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Big Brothers Big Sisters of Bluegrass still open after successful pleas for community support

After pleading for the support of the Central Kentucky community to help keep the organization’s doors open in January 2012, Big Brothers Big Sisters of the Bluegrass is starting 2013 as a stronger organization. The nonprofit began 2012 with over $100,000 in unpaid bills and faced the real threat of ending its 55 years of service to the local community. Thanks to the support of the Central Kentucky community over the past year, Big Brothers Big Sisters of the Bluegrass experienced an estimated $250,000 turnaround, ending 2012 and heading into 2013 on a positive note.

Alan Stein, president of SteinGroup LLC and vice‐chair of the Big Brothers Big Sisters of the Bluegrass board of directors, joined the charge in 2012 to help keep the doors to the organization open. 

“In 2012, I stood before this group and said that the community needs Big Brothers Big Sisters of the Bluegrass, and that we would be doing a disservice to our community if we took away the opportunities this organization provides,” Stein said. “Today, I firmly stand by that statement. It is up to you, me and the rest of our community to come together through financial donations and volunteerism efforts to help support this organization that has made and can continue to make a difference in Central Kentucky.”

While the organization is stronger than it was at this time last year, Eric Ward, president and CEO of Big Brothers Big Sisters of the Bluegrass, urges donors, volunteers and friends in Central Kentucky to continue to give, helping to impact even more lives. 

“We withstood the storm, and as a result, we are a leaner, wiser, more fiscally responsible agency. But without the ongoing financial and volunteer support of the Central Kentucky community, all of our plans, strategies and tactics are meaningless,” Ward said.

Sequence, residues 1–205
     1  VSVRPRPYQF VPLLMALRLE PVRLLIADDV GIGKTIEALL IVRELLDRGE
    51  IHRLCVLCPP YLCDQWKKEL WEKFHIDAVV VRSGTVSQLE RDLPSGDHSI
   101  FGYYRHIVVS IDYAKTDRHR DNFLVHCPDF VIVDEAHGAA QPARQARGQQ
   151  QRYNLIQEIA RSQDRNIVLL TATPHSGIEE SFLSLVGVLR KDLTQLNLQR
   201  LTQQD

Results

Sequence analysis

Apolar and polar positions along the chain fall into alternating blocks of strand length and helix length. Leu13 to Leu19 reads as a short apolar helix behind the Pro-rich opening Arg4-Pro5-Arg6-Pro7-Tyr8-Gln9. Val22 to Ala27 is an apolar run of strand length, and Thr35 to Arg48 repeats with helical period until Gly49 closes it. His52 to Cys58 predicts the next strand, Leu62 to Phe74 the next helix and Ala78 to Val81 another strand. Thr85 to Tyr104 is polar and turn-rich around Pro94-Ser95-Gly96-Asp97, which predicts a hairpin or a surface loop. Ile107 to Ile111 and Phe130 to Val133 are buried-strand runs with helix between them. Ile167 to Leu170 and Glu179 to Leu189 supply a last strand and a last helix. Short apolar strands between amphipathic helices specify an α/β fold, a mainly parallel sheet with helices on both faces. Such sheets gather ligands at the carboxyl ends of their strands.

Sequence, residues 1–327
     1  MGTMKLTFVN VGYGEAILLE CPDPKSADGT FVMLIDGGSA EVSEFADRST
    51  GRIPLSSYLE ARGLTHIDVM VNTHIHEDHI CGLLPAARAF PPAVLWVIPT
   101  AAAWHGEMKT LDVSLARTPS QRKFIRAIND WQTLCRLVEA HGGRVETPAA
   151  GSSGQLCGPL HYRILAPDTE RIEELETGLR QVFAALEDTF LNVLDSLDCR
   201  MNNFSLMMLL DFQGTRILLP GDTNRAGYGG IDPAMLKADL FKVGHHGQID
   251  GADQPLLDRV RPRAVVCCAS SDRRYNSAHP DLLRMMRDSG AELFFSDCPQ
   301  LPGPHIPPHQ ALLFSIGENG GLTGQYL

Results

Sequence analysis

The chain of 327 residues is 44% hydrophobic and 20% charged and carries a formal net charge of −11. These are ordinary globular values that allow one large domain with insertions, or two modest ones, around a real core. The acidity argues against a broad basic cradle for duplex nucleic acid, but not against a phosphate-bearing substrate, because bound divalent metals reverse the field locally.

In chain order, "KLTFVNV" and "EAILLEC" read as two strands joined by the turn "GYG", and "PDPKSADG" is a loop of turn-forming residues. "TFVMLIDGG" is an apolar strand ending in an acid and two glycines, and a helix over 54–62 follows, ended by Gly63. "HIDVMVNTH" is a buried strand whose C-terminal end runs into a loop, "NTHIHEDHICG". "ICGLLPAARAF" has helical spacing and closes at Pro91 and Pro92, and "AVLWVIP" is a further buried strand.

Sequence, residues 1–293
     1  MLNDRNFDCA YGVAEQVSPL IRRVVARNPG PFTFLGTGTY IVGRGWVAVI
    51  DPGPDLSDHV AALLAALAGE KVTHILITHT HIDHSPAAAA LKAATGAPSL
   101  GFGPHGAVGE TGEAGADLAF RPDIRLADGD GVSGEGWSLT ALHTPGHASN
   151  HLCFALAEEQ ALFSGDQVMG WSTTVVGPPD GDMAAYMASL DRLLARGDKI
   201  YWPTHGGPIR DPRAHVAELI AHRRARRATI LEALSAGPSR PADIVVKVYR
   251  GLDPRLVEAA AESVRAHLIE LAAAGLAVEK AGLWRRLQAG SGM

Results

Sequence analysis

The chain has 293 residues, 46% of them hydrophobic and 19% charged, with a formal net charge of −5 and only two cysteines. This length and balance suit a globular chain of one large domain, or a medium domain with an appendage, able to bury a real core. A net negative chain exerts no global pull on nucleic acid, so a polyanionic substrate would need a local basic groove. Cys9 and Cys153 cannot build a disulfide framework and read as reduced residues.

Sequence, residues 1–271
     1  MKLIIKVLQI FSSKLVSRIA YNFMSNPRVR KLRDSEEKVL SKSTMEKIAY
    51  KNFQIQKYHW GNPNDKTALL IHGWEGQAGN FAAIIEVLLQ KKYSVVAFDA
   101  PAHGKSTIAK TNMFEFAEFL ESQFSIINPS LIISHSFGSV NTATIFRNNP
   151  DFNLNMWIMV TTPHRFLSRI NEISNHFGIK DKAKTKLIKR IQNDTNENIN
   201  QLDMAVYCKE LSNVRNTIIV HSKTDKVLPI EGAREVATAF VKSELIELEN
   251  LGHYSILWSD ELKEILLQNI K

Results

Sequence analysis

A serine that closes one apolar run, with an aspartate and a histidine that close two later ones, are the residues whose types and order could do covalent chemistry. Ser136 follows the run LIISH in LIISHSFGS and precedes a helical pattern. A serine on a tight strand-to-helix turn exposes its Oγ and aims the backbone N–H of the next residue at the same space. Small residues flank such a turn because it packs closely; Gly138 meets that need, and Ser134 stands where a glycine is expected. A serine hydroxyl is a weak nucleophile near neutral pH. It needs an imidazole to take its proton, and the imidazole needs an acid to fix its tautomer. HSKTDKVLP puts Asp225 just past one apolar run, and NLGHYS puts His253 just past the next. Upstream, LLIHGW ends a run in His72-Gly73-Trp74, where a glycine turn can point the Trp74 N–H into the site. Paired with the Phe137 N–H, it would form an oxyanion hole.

In 2012, Big Brothers Big Sisters of the Bluegrass supported approximately 514 youth in Central Kentucky through one‐to‐one mentoring relationships. In 2013, the goal is to increase that number, supporting a minimum of 600 youth. 

“Our pledge to you is that we will reinvest the dollars we raise back into the communities that so generously support us. Without you, none of what we have accomplished or hope to accomplish in the coming months and years would be possible,” Ward added.

As part of their effort to better serve Central Kentucky youth in 2013, Big Brothers Big Sisters of the Bluegrass also plans to roll out a new volunteer recruitment campaign with a focus on the need to recruit more adult males to serve as Big Brothers. Currently, there are over 190 boys on the waiting list to be matched throughout the agency’s service area. “Having more men step up to accept the challenge of serving as a mentor to one of these deserving boys is critically important to us reaching our goals in this upcoming year, “ Stein said.

Big Brothers Big Sisters of the Bluegrass has one of its largest fundraising efforts of the year, Bowl for Kids’ Sake, beginning in February and ending in April in various Central Kentucky communities. To find out how you can be a part of this fundraising effort, make a donation to Big Brothers Big Sisters of the Bluegrass or volunteer your time as a mentor, find Big Brothers Big Sisters of the Bluegrass by clicking here.

From Big Brothers Big Sisters of the Bluegrass